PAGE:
We liked the idea of EP to be fair, so when  it came about, when we we started to write it, our first thought was “if we are gonna do this EP, we don’t want to do just another talking gesture.” It’s got to be a good EP, quality music, not just something to fill the gap which Peaceville were really chasing. To stop Peaceville putting like a live track or a remix on there we were all thinking “how do we stop them doing that”, you know. We wanted it to be quality. We haven’t really got time to write three songs and then we thought “Why not?” So, when initially started The Barghest was a three piece and we were gonna have clear divisions of which was which. But the more we wrote, the more it came together, we thought this is working, we can make one song this long. So we did. And it seemed to be a success, we had a great time recording. Actually we took on some old school kinda elements, you know, we used amps and pedals we haven’t used for a lot of years. Because all becomes a little bit digital in the studio and very easy, so we went back to kinda rehearsal style band recording, very loud and feedback everywhere. It was great fun and so we presented them with that and they were like “fair enough.”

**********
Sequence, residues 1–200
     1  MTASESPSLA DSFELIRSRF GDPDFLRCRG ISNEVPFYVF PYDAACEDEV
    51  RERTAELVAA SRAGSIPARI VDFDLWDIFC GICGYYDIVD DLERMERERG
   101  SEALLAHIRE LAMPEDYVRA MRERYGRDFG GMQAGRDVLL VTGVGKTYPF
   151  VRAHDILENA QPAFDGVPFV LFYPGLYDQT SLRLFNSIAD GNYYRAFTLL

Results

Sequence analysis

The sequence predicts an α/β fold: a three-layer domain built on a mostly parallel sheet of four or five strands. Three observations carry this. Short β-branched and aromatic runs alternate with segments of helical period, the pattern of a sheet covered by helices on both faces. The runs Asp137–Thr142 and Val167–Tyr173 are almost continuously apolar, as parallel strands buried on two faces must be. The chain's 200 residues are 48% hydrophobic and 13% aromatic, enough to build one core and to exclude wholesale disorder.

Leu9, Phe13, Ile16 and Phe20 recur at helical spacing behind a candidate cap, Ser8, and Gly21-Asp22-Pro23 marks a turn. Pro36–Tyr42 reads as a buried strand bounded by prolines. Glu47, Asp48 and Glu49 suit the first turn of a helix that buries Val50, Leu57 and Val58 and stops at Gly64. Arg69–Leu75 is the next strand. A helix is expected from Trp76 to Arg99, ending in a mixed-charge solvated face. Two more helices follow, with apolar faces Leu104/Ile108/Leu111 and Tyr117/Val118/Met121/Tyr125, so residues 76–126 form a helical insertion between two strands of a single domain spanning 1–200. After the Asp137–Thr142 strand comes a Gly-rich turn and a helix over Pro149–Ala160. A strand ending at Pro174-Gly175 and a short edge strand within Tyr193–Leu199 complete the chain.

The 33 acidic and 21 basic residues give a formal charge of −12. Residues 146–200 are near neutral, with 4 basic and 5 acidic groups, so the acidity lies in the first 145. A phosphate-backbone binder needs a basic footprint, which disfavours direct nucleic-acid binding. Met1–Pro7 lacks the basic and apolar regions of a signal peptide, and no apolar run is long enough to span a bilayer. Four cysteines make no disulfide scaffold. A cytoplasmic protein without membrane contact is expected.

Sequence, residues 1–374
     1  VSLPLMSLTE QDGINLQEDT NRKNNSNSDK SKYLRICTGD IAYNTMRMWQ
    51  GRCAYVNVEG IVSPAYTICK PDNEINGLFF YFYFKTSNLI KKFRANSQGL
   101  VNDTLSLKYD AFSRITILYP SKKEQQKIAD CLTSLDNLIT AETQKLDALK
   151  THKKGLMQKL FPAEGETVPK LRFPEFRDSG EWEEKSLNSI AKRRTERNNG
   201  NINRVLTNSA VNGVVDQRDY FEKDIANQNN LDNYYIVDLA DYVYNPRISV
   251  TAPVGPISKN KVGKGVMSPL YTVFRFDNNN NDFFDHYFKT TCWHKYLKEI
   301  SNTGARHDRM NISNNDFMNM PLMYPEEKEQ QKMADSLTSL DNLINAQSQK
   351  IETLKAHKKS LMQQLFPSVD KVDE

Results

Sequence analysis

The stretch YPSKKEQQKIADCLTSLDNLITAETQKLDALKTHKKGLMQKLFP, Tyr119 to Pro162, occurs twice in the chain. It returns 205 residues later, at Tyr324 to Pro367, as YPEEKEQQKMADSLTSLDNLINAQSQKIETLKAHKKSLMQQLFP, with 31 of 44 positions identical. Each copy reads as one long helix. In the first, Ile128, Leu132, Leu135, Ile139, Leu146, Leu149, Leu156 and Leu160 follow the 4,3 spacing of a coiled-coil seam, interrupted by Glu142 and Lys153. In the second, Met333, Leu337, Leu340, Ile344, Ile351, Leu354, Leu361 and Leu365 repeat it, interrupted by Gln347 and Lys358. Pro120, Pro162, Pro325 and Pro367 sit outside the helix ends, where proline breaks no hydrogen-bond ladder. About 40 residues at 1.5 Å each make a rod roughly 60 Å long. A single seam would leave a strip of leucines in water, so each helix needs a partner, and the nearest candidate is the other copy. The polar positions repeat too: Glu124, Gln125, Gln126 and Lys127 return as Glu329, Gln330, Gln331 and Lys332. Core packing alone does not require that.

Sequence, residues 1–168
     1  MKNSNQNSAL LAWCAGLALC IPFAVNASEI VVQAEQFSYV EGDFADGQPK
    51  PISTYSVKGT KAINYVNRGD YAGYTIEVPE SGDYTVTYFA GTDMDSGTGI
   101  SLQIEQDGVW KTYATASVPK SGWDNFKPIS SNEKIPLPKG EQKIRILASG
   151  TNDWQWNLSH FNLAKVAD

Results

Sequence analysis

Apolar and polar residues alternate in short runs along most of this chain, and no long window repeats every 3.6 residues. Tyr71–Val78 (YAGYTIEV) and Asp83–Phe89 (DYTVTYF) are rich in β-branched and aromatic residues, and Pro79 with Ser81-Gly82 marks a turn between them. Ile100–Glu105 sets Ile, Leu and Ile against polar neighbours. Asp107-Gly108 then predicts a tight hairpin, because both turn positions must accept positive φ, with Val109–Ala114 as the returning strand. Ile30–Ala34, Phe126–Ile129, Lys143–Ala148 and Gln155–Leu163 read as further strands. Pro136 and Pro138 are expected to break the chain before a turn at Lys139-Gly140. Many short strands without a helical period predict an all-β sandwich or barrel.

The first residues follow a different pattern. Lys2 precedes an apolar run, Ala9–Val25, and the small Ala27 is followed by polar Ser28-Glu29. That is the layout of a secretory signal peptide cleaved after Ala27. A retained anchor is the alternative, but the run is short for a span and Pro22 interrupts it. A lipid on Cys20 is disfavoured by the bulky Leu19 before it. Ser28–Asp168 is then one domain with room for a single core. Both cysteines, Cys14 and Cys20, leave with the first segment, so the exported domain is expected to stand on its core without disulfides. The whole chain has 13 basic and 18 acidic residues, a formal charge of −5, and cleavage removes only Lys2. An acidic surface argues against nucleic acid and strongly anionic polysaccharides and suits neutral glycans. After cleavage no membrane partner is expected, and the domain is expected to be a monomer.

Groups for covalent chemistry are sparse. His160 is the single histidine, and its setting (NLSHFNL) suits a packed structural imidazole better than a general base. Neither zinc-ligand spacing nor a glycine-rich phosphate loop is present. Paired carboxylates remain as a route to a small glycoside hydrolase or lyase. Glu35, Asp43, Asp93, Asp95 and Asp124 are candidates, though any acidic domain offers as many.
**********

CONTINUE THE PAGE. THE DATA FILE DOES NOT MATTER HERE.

Once one EP was done it seemed like sort of really easy to do the next. We had plenty of music, plenty of ideas. We just continued. I’m not sure if it’s going to continue with this, we are presently writing a new LP right now. At the moment there is no EPs planned, but I would suspect it would continue LP, EP, LP, EP. Like in the old days.

Jernej: It is good to hear that you can turn something that is more or less a dictate from the label to something creative, refreshing and positive.

Andrew: Well, you have to understand the Peaceville point of view. They are a commercial outfit, that goes without saying. But that that doesn’t mean it has to compromise anything. If we commit to a job, an EP in this instance, we really want to make sure… because people are going to buy it, it has to have something of value. And live track and a remix… we’ve done that in the past, it’s an easy way out. I think what will happen now is, If EPs are gonna be proper My Dying Bride EPs rather than just one new song and some remixes, we won’t do that again, we will write mini LPs. So you will get three or four new tracks. Possibly something a little bit experimental, maybe ambient, some stuff we did years and years ago on “Gather Me Up Forever”. I have some very strange, kinda ambient sort of music in there as well… and just play again with the sounds, but still keep the heavy metal as a main track.